Amazon, Apple and Google face data complaints
Entertainment streaming giants including Amazon, Apple, Google, Netflix and Spotify have been accused of breaking the EU's data regulations.
General Data Protection Regulation (GDPR) rules say EU customers have the right to access a copy of the personal data companies hold about them.
However, privacy group noyb said it found that most of the big streaming companies did not fully comply.
It has filed formal complaints, which if upheld could result in large fines.
What's the problem?
GDPR took effect in May 2018 and gives EU customers the right to demand a copy of their personal data from companies. That data must be easy to understand and should also be presented in a machine-readable format, so that a customer could transfer all their data to a competitor, for example.
When GDPR took effect, many of the biggest names in tech including Amazon, Apple, Google and Spotify made changes, to let customers download a copy of their data.
But the privacy campaign group noyb, whose slogan is "My Privacy is none of your Business", said it found many of the biggest services did not do enough to comply with the law.
What did they find?
Individuals working with noyb requested a copy of their data from several movie and music streaming services.
They found Amazon, Apple, Spotify and Google's YouTube all let people download a copy of their personal information quickly. But noyb said that only some of the data was "intelligible", with some parts supplied in a format that could not be understood by people.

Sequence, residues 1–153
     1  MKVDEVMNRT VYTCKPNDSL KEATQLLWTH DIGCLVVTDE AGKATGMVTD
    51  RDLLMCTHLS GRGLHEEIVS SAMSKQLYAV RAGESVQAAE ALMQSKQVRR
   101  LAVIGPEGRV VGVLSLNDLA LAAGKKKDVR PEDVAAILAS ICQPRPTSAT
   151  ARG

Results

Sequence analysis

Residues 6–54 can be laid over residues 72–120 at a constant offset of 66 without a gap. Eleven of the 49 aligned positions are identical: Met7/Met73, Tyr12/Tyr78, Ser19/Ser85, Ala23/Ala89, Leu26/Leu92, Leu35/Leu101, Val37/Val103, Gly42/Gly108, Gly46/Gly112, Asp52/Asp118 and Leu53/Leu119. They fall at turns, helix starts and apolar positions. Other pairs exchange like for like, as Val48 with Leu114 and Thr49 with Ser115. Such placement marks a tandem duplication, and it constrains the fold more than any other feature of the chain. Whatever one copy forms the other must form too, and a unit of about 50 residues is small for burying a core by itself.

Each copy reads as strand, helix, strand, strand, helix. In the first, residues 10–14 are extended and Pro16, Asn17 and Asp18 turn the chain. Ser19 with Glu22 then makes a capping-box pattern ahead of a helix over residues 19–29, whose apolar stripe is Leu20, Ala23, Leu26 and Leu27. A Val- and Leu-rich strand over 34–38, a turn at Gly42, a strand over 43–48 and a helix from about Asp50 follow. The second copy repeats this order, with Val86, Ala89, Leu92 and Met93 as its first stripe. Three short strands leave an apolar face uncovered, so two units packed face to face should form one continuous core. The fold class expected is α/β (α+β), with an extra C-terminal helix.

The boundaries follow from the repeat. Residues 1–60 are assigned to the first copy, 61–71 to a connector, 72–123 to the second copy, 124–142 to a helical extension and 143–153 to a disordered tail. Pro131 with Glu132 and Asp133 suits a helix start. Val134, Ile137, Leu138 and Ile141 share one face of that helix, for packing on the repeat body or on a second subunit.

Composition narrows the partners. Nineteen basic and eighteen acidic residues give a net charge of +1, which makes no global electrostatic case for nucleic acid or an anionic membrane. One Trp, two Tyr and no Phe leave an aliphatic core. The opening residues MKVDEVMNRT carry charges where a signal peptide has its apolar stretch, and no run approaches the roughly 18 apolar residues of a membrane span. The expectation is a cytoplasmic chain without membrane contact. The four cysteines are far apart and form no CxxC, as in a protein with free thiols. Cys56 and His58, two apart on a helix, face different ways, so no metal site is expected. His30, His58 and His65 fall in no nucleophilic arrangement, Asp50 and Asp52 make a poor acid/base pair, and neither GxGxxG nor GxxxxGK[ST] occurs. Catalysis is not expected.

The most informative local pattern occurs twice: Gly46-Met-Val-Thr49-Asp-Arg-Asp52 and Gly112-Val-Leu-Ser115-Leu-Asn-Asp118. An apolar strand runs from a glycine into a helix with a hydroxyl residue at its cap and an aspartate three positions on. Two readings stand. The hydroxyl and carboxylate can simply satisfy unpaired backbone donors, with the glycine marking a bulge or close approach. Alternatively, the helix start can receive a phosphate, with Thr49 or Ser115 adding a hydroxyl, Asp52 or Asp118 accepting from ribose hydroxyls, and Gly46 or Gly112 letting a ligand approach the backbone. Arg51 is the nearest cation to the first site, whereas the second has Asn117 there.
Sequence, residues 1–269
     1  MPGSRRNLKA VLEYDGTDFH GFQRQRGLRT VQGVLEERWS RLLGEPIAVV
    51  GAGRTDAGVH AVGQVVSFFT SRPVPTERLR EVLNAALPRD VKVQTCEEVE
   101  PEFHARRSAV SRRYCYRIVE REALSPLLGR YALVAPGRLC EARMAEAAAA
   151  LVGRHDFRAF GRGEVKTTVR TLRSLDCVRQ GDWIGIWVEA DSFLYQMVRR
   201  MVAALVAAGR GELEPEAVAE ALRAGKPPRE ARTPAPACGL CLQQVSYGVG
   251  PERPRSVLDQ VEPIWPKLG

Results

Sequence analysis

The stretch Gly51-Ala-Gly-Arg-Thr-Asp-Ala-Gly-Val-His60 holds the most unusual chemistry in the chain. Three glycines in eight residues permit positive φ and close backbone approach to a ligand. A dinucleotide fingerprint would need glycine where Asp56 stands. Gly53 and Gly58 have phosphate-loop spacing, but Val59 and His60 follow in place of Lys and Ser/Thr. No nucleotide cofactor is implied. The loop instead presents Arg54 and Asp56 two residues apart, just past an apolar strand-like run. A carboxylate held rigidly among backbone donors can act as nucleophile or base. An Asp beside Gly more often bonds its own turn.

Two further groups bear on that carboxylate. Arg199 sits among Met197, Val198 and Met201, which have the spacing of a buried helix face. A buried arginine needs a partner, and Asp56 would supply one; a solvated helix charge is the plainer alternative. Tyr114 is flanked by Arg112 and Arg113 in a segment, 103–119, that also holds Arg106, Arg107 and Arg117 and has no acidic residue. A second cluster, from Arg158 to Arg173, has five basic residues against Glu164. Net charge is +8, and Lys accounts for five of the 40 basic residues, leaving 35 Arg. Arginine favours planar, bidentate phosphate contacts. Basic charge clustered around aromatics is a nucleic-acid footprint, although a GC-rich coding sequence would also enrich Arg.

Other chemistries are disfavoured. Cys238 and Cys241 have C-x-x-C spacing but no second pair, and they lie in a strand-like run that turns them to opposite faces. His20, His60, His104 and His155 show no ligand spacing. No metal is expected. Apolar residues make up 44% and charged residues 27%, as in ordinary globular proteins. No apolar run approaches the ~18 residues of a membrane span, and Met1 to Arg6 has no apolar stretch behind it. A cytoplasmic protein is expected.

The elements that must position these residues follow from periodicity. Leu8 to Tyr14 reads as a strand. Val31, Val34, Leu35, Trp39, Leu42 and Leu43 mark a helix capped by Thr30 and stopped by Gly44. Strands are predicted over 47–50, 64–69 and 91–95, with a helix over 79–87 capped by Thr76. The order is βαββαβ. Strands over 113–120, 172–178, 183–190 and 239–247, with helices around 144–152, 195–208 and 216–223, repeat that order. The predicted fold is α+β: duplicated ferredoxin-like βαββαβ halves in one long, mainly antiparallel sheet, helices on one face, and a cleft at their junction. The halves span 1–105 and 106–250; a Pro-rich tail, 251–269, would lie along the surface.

The GDPR requires the data to be both machine-readable and easily understood by customers.
All four streaming giants also failed to supply additional information to which people are entitled, such as a list of other companies with whom their data was shared.
Netflix supplied the requested data in a format that was easy to understand, but did not supply all the additional information and took about 30 days to reply.
Soundcloud and UK-based streaming service Dazn did not reply to the information requests at all.
Privacy activist Max Schrems, diector of noyb, said: "In most cases, users only got the raw data, but, for example, no information about who this data was shared with.
"This leads to structural violations of users' rights, as these systems are built to withhold the relevant information."
Noyb said it had filed 10 complaints with Austria's data protection regulator.
The maximum penalty for a breach of the GDPR is 20 million euros (£17.7m) or 4% of a company's global turnover.
In theory, Apple could be fined £7bn if the regulatory authority rules that it has broken the law.
The BBC has contacted the named companies for comment.
Spotify said in a statement: "Spotify takes data privacy and our obligations to users extremely seriously. We are committed to complying with all relevant national and international laws and regulations, including GDPR, with which we believe we are fully compliant."